Most of the external hard drives end up doing the same thing anyway: provide external storage for backup or extending purposes. Thus, the decision in the end probably comes down to reliability, accessibility and design.

Reliability: Most of the reviews of the WD My Book Essential I read (on Amazon) termed it as reliable. Though there were occurrences of the drive dying out, but the reviewers got it replaced from Western Digital easily under the warranty.

Accessibility: The drive is ready to be used as soon as you unbox it! As for carrying it around, it is designed for the home/office and thus, designed to be stationary at one place (although you can carry it around, if you wish to).

Design: 10 years ago, we could have argued that design should not be a deciding factor for buying a tech gadget. But after Apple scored with designing the best products in the last decade, design has become a crucial part of gadgets today. The My Book Essential scores pretty high on this front with its simple, yet stylish design. Place it on your book shelf or table and it will fit perfectly there.

Setting-up WD My Book Essential: What’s included?

Box-packed Western Digital My Book Essential 500 GB The drive is plug-n-play: Just power it up and plug it in (in that sequence).

The My Book Essential 500 GB includes setup files of a few backup utilities – both for Windows and Mac. The main backup software included is the Memeo AutoBackup. Sadly, its a trial version, which is quite odd, since I read elsewhere on the web that other WD external drives (including others in the My Book series) include the full-version of Memeo AutoBackup (with its serial key printed in the manual).

The file system on the drive is FAT32 by default.


Spice-up your external hard disk!

You can spice up your external hard disk experience by converting the file system to NTFS and installing an alternative free backup software. I will write about them in detail in my next post.

Palm Pre: The coolest new phone of 2009!

Palm is back! After almost going into obscurity, Palm makes a sexy and stylish return with a new phone dubbed as the Palm Pre. Here’s a glance on what the Pre looks like:

Palm Pre Smartphone Mobile

This hot new gadget from Palm is slated to be available in the first half of 2009. So get ready. It looks like a worthy competitor to both the Blackberry range and the iPhone. Is this the iPhone killer?

Sounds sweet? Find out more with these 7 most useful Palm Pre resources:

Palm PrePalm
Palm Pre: Everything you ever wanted to knowEngadget
First impressions: Palm Pre | CES 2009CNET Blogs
Palm Pre Preview: Simply amazingGizmodo
Hands-On: A closer look at the Palm Pre and WebOSPC World
In a nutshell: Palm Pre vs. iPhone vs. G1Gizmodo
The Pre’s got mojo: a developer speaks about Palm’s new SDKArs Technica

Highly Compelling Reasons for Switching to an Apple Mac

Interesting experience of why Rob Christensen, from Adobe AIR product development/management team, decided to switch to Apple iMac in his post Six reasons why he made the switch. His reasons are quite compelling and I agree fully with what he has to say against Microsoft Windows and in favor of Apple Mac. My most compelling reasons, from Rob’s post, for switching to an Apple Mac would be:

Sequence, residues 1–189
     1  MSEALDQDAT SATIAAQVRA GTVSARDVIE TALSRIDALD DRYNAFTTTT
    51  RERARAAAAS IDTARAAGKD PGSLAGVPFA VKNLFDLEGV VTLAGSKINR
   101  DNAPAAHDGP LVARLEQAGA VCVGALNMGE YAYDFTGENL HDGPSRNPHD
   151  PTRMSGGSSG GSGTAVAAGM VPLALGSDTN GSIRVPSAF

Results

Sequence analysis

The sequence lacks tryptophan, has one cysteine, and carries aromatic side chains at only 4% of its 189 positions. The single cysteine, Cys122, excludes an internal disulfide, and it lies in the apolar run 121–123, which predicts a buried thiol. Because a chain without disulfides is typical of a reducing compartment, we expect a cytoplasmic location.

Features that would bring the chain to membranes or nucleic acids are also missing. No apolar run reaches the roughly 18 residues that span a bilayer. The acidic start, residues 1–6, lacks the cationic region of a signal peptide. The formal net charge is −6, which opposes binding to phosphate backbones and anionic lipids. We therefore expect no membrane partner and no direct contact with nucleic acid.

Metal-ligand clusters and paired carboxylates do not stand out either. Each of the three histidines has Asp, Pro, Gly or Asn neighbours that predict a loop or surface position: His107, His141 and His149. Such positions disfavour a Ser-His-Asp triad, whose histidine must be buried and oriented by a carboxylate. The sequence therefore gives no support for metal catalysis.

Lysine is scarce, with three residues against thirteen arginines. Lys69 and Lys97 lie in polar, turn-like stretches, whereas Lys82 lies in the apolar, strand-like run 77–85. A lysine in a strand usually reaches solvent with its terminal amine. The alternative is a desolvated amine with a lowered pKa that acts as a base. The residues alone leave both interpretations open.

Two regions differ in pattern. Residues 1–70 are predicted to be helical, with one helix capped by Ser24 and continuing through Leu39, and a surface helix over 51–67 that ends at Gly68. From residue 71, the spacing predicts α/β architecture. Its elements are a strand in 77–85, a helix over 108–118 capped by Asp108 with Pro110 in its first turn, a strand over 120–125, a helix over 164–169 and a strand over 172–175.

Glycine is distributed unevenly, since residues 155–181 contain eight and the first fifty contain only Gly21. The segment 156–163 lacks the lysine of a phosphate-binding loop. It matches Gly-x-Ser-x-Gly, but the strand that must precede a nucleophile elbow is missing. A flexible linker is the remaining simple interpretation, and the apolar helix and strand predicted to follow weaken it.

Apple. In the past year, I’ve purchased two iPod Shuffles: one for myself and one for my wife. When I thought I had lost my Shuffle recently (for the second time), I decided to upgrade to an iPod Nano. It’s an absolutely incredible piece of technology. … The allure of hooking up iPod hardware to a Mac is difficult to ignore. Also, Apple’s decision to extend the hardware capabilities of the iMac has really put it in direct competition with Dell’s flagship desktop products like their XPS line.

Apple, and Steve Jobs, is an inspiration. I had the first generation iPod Nano and it was awesome! I love Apple and what it is creating. Correction: Innovating!

Media Management. It’s truly shocking to me that Microsoft has not improved the user experience with Windows Media Player (WMP). Something about the design of WMP has always felt exceedingly video centric as opposed to library focused. Playing an .mp3 will force most of the screen to be taken over by an annoying visualization. … In addition, the lack of basic photo management in Windows has been the source of tremendous grief.

I have to agree with Rob’s WMP experience. Though I have been a Windows Media Player user since long (I was hooked to the ex-king Winamp before that, during its 1.x and 2.x versions reign, and Sonique too – ah what a super cool player that was!), but since my WMP music database has been wiped out (the database itself, and not the music files) after the Vista of my laptop’s pretty Windows was shot down by a vicious virus and I installed it anew, I am trying out a new media player: the open source Songbird. And it’s pretty good.

Most applications are now on the Mac. Nearly all of the applications I use are now available on the Mac such as Firefox, the Creative Suite (Dreamweaver, Flash, etc.), Office, Stellarium, AIM, Google Earth, etc. If the tools you use and depend on are portable, then it makes it even easier to make the switch.

That’s definitely a compelling reason. And on top of that, if a Windows application has not yet been ported to the Mac, one always has the option of Boot Camping to Windows. Tada! Nice one, Apple.

Now all these reasons make me crave for an Apple iMac/Macbook all over again! I hope I’ll be able to afford one soon.